chimney

Definitions

  • Chimneys, Albury
    Chimneys, Albury
  • WordNet 3.6
    • n chimney a vertical flue that provides a path through which smoke from a fire is carried away through the wall or roof of a building
    • n chimney a glass flue surrounding the wick of an oil lamp
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Additional illustrations & photos:

The little chimney sweep, with his ragged clothes and brush The little chimney sweep, with his ragged clothes and brush
Although most Jamestown workshops were probably made of framework and were merely sheds, one brick foundation has three brick fireboxes and a large brick chimney. This structure was probably a brew house, bakery, or distillery Although most Jamestown workshops were probably made of framework and were merely sheds, one brick foundation has...
THE CHIMNEY-SWALLOW THE CHIMNEY-SWALLOW
CHIMNEY SWIFT CHIMNEY SWIFT
"Choked and strangled by the foul breath of the chimneys over there." "Choked and strangled by the foul breath of the chimneys over there."
Chidlren in front of fireplace holding toys, one looking up the chimney Chidlren in front of fireplace holding toys, one looking up the chimney

Webster's Revised Unabridged Dictionary
  • Interesting fact: As artists and traders in medieval cities began to form organizations, they instituted tough initiation ceremonies. For example, journeymen in Bergen, Norway, were shoved down a chimney, thrown three times into the sea, and soundly whipped.
    • Chimney (Min) A body of ore, usually of elongated form, extending downward in a vein.
    • Chimney A fireplace or hearth.
    • Chimney A tube usually of glass, placed around a flame, as of a lamp, to create a draft, and promote combustion.
    • Chimney That part of a building which contains the smoke flues; esp. an upright tube or flue of brick or stone, in most cases extending through or above the roof of the building. Often used instead of chimney shaft. "Hard by a cottage chimney smokes."
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Century Dictionary and Cyclopedia
    • n chimney A fireplace or hearth.
    • n chimney A furnace; a forge.
    • n chimney A vertical structure containing a passage or main flue by which the smoke of a fire or furnace escapes to the open air, or other vapors are carried off; in a steam-engine, the funnel. When several chimneys are carried up together, the mass is called a stack of chimneys, or a chimney-stack. The part of the chimney carried above the roof for discharging the smoke is the chimney-shaft, and the upper part of the shaft is the chimney-top or -head. Chimneys are commonly built of brick or stone. (The manner in which a chimney and fireplace are often connected, and the names of the different parts, are shown in the cut under throat.) The chimneys of some kinds of factories, as chemical works, are built to a great height, sometimes several hundred feet, and often as independent structures. They are designed not only to secure a very strong draft, but for the diffusion in the upper air of deleterious fumes, drawn into them through connecting flues.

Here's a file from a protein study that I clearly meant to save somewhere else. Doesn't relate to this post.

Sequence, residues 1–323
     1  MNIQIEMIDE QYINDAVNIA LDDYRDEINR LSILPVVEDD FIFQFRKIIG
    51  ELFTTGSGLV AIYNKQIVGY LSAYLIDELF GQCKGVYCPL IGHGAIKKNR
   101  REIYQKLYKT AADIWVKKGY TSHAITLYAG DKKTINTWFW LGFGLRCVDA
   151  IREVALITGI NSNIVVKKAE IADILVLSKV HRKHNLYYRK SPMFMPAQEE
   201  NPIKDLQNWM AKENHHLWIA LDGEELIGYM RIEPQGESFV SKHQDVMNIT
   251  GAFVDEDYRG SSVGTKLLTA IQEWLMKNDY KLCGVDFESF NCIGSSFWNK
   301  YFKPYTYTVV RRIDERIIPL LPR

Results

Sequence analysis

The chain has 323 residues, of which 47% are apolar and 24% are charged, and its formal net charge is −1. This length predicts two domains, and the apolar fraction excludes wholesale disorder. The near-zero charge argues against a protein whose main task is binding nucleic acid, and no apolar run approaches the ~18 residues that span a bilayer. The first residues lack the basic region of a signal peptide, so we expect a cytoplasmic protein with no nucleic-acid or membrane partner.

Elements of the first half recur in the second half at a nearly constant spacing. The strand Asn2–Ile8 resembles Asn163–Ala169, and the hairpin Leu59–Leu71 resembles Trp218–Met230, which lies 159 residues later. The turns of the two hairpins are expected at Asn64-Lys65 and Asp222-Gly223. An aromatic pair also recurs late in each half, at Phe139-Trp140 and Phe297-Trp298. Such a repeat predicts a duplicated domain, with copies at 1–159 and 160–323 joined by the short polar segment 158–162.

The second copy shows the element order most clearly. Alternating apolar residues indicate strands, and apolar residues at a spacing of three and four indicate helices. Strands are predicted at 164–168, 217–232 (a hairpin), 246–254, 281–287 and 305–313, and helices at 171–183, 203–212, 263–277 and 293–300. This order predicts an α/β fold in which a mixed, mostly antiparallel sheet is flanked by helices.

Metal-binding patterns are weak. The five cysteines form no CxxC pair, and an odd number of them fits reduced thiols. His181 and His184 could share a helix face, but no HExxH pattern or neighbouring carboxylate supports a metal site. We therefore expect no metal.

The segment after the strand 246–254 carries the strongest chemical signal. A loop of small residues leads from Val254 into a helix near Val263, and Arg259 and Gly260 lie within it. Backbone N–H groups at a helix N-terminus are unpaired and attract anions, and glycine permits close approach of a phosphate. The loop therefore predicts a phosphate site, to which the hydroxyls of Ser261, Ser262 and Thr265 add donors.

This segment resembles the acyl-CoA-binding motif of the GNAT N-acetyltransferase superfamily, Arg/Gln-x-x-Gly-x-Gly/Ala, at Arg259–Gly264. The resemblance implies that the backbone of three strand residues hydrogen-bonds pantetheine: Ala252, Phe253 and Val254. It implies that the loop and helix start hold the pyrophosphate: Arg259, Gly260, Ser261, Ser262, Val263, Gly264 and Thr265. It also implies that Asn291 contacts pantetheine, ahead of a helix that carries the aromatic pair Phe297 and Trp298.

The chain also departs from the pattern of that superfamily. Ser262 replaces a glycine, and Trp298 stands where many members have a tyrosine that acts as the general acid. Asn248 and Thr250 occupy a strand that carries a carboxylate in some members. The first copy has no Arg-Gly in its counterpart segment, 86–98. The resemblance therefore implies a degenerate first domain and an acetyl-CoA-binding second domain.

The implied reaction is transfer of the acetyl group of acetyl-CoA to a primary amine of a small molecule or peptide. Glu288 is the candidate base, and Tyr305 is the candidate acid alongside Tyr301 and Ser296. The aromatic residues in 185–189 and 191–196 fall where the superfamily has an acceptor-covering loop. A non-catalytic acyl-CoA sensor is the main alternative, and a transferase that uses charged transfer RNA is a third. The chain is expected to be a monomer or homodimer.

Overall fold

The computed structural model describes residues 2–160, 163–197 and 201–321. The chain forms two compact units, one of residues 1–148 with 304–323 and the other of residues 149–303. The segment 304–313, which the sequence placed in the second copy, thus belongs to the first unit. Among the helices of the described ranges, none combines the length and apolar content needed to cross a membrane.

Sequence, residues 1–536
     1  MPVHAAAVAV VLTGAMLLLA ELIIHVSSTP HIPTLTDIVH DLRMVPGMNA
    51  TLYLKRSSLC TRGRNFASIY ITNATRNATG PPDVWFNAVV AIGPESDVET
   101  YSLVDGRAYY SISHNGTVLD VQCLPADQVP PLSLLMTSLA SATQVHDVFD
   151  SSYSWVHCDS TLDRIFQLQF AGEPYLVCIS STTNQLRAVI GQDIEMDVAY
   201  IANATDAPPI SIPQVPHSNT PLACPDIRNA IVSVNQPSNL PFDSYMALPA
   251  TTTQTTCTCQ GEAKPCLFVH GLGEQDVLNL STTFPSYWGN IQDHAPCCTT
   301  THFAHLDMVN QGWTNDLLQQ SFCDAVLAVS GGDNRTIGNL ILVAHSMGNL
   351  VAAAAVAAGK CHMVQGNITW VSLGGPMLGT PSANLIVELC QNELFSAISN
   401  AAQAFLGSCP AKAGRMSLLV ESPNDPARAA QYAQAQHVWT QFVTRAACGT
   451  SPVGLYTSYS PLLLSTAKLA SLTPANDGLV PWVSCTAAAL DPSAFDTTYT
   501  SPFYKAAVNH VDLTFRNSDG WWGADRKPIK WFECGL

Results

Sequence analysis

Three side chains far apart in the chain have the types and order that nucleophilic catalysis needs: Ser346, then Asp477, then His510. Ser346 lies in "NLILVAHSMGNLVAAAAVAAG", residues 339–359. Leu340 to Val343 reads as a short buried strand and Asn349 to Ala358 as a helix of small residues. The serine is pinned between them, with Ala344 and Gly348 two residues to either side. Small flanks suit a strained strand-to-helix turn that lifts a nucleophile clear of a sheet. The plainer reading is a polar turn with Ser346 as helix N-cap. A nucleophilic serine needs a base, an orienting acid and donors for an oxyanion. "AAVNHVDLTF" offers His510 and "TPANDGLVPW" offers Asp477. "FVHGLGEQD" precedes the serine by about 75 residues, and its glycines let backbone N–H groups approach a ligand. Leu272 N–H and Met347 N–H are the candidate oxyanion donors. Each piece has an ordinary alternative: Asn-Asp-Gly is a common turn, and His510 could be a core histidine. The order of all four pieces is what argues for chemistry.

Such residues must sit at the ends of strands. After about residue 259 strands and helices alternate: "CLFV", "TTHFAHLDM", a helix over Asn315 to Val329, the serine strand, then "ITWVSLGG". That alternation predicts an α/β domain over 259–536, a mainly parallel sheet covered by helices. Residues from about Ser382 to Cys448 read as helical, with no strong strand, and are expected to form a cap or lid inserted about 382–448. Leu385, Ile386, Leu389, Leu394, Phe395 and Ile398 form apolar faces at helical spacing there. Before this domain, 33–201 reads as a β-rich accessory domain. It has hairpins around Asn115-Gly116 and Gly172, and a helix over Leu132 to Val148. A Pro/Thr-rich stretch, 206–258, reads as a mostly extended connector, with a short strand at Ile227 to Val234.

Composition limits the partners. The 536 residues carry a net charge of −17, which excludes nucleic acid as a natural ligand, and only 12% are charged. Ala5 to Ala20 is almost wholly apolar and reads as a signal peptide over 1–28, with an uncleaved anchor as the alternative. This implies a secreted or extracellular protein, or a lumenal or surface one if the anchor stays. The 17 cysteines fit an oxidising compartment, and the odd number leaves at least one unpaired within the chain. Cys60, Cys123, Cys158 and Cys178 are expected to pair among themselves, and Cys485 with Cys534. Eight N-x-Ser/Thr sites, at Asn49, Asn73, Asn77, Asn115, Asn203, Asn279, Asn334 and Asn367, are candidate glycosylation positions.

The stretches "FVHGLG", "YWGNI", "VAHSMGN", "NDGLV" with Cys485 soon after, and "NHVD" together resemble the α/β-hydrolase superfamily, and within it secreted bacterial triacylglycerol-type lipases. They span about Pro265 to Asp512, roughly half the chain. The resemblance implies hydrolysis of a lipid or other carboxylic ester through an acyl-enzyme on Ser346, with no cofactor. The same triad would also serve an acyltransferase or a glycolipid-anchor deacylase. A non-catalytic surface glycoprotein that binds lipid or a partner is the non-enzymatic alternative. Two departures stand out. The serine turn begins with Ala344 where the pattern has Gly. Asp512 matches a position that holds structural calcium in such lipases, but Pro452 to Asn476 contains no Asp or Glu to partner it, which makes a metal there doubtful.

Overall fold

• n chimney Anything resembling a chimney. A glass cylinder surrounding the flame of a lamp to promote combustion and keep the flame steady.
    • n chimney A vent through which volcanic eruption has taken place.
    • n chimney A very narrow cleft in a cliff.
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Chambers's Twentieth Century Dictionary
    • n Chimney chim′ni a passage for the escape of smoke or heated air from a furnace: in houses, that part of the passage which is built above the roof: anything of a like shape
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Quotations

  • Sir Philip Sidney
    Sir%20Philip%20Sidney
    “With a tale, for soothe, he cometh unto you; with a tale which holdeth children from play, and old men from the chimney corner.”
  • Ralph Waldo Emerson
    Ralph%20Waldo%20Emerson
    “If a man will kick a fact out of the window, when he comes back he finds it again in the chimney corner.”

Idioms

Smoke like a chimney - Someone who smokes very heavily smokes like a chimney.
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Etymology

Webster's Revised Unabridged Dictionary
F. cheminée, LL. caminata, fr. L. caminus, furnace, fireplace, Gr. furnace, oven
Chambers's Twentieth Century Dictionary
Fr. cheminée—L. camīnus; Gr. kaminos, a furnace.

Usage

In literature:

There was his sunny spot near the big rock chimney on the southern side of the house.
"Frank of Freedom Hill" by Samuel A. Derieux
One day a swarm of honey-bees went into my chimney, and I mounted the stack to see into which flue they had gone.
"Bird Stories from Burroughs" by John Burroughs
A strong gust of wind carried the old woman up the chimney.
"The Book of Stories for the Storyteller" by Fanny E. Coe
The two corners of the chimney in which are burning resinous logs of wood are occupied.
"The Son of Monte Christo" by Jules Lermina
Above the great stone chimney-piece is a full-length figure of the duke in a hunting costume of green velvet.
"A Village of Vagabonds" by F. Berkeley Smith
The great treasure of the house was saved; and now he ran up and away, quite on to the roof of the house, on to the chimney.
"What the Moon Saw: and Other Tales" by Hans Christian Andersen
The smoke came out of the chimney of a house.
"Here and Now Story Book" by Lucy Sprague Mitchell
Instead of the forest and the green hills of former days, I had here only a forest of chimney-pots to look out upon.
"Fairy Tales of Hans Christian Andersen" by Hans Christian Andersen
There was smoke coming out of the chimney.
"Jerry's Charge Account" by Hazel Hutchins Wilson
Gaston thought the sound seemed to come from the chimney.
"The Regent's Daughter" by Alexandre Dumas (Pere)
Some damp clothes were drying inside the chimney-corner.
"Madame Bovary" by Gustave Flaubert
I wonder if all the chimneys are warm too, like this one.
"Nine Little Goslings" by Susan Coolidge
These outlets are provided by chimneys.
"The Home Medical Library, Volume V (of VI)" by Various
A company of chimney-swifts were flying criss-cross over the summit, and one of the men said that he presumed they lived there.
"Birds in the Bush" by Bradford Torrey
You would not guess all that a chimney can be, until you have seen Albury.
"Highways and Byways in Surrey" by Eric Parker
No one was visible for the moment, though smoke was rising from many of the chimneys to greet its sister mist.
"The Big Bow Mystery" by I. Zangwill
The house has two fireplaces, the brick chimney being constructed in the center of the two main rooms.